A persistently high fatal accident rate for general aviation has spurred the US Federal Aviation Administration to take outreach action on certain segments of the sector.
During the month of April, the agency plans to hold nearly 100 safety stand-down events across the US to get pilots to focus on professionalism, pre-flight actions, avoiding instrument conditions in cruise flight and avoiding stalls due to airspeed mismanagement.
FAA administrator Randy Babbitt says the agency is going to "refocus its efforts" to transform the safety culture in the sector, which includes on-demand charter as well as business aviation operations.
The stand-downs are part of a broader 10-year data-driven plan in which the FAA is hoping to decrease the general aviation (GA) fatal accident rate by 10%, a less ambitious goal than what has been set out for similar programs in the commercial aviation and the helicopter sector.
The commercial aviation safety team (CAST) decreased the fatal accident rate for airlines 65% between 1998 to 2007, 15% under the original goal of 80%. Likewise the international helicopter safety team in 2005 set out to reduce the helicopter accident rate 80% by 2016, a goal the industry appears on track to achieve based on accident records over the past four years.
"Ten percent is something we're shooting for, not something we're limiting ourselves to," says Mel Cintron, manager for the FAA's general aviation and commercial division. Cintron notes that the GA fatal accident rate for 2010 was 1.14 fatal accidents per 100,000 flight hours, down from 1.16 in 2009. The agency's goal is to reduce the rate by 1% per year.
Within the broader GA community, the highest accident rates are historically linked to personal and business flights (1.83 per 100,000 flight hours), with aerial application (0.85) and flight instruction (0.53) in second and third place, according to the most recent US National Transportation Safety Board tallies. Corporate and executive aviation, also considered GA, ranked the best in the NTSB report for 2006, with a rate of 0.03 fatal accidents per 100,000 flight hours.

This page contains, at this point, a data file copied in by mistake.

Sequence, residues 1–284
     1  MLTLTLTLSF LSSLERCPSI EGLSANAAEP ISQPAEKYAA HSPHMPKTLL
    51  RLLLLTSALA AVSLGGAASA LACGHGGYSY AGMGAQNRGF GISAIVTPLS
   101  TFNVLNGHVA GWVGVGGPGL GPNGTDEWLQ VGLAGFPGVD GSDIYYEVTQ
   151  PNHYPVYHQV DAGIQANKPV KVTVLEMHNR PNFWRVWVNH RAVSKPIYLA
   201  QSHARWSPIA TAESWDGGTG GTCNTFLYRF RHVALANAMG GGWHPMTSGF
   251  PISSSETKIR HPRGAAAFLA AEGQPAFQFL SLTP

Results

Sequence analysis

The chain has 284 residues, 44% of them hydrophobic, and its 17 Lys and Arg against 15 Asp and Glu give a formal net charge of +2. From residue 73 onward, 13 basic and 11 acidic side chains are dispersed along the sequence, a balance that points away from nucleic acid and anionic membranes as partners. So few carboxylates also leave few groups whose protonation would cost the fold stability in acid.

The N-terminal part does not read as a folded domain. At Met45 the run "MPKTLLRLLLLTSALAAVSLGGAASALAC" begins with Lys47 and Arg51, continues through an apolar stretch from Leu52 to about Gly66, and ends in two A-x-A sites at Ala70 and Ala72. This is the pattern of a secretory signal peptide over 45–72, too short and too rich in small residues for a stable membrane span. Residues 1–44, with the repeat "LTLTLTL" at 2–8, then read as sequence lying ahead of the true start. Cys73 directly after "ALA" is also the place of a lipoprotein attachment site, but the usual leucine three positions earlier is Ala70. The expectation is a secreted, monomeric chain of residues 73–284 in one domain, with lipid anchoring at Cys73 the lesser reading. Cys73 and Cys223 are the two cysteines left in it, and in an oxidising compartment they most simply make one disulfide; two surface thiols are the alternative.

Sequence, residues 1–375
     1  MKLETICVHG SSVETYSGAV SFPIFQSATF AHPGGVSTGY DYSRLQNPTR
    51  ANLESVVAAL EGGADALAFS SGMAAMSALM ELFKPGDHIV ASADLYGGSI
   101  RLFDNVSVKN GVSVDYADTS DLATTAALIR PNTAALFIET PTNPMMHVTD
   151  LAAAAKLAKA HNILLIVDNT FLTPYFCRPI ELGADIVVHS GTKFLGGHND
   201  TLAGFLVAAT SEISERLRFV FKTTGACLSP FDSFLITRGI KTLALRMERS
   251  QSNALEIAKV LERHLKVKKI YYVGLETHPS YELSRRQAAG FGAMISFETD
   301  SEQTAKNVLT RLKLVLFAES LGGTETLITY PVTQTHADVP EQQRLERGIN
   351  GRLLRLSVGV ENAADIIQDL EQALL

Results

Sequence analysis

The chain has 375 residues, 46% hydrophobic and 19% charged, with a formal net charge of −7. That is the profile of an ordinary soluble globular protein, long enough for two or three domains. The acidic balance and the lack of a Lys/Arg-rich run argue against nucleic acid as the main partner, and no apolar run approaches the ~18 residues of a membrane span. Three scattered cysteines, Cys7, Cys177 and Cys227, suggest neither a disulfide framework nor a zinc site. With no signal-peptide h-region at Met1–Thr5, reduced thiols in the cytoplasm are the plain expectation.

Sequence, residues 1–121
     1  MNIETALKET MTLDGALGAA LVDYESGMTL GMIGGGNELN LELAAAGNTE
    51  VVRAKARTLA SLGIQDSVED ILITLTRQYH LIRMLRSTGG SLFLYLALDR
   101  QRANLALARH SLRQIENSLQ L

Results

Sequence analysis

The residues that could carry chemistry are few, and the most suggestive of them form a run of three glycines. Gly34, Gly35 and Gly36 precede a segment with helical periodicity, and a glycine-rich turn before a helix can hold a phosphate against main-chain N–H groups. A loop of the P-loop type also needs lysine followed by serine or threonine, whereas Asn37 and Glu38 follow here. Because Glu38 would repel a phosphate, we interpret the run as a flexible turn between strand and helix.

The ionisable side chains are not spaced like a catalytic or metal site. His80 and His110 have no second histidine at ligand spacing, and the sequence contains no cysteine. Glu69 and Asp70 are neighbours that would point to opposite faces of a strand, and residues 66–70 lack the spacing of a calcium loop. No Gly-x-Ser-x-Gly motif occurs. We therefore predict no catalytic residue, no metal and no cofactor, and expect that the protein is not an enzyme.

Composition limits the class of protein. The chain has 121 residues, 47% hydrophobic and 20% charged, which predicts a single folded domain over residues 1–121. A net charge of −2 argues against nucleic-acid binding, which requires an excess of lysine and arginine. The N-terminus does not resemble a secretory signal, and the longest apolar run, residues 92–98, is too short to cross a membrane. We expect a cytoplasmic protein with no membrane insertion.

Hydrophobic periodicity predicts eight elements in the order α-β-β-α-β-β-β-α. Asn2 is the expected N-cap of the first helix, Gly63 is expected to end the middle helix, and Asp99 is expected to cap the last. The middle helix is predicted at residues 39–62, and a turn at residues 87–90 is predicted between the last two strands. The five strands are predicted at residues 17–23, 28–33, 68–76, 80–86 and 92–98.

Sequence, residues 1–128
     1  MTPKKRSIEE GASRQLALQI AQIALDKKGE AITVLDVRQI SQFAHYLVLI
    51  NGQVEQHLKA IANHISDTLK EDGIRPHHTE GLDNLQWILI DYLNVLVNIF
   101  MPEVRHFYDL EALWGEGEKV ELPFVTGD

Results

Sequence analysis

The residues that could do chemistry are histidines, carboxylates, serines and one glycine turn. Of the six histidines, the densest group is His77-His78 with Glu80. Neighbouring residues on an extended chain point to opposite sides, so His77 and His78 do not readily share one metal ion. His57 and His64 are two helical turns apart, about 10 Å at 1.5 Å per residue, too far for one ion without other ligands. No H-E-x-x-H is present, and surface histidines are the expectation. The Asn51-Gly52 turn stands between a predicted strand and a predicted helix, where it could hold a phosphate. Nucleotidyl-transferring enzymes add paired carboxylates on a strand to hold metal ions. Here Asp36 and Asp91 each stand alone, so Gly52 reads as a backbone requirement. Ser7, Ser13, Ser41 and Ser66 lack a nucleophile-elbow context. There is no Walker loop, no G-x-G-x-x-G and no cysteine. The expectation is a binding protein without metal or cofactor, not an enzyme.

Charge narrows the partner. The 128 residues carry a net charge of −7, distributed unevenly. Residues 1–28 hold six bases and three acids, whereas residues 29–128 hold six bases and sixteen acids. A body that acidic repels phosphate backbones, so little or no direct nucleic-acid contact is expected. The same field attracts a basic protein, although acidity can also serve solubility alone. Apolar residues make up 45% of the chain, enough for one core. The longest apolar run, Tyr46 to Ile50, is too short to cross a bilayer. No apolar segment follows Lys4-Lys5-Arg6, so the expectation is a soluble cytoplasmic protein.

The FAA expects to make the largest gains in the first five years of the program by attacking "low-hanging fruit". Included is an effort to boost safety for agricultural operators and a new advisory circular (AC) the agency expects to publish by May focusing on the amateur-built aircraft sector, which Babbitt has a fatal accident rate five times higher than GA as a whole.
Babbitt calls the problem a "second-owner risk", where a buyer of an amateur-built aircraft may not be familiar with principles of high performance aircraft like high wing-loading. "There's a very clear spike in accident rate versus ownership hours," he says. "Once they get 50-60h, they're fine."
For the AC, Cintron says the FAA joined with the industry to develop a "bucketized" list of "what are the things that can get you into trouble" for a variety of amateur-built aircraft.
Other low-hanging fruit includes improving the work of certified flight instructors, an effort Cintron says will have a "cascade effect" on safety. Along with evaluating flight instructor recurrency programs, the FAA is planning to have a conference in July among all universities with flight training programs to discuss best practices.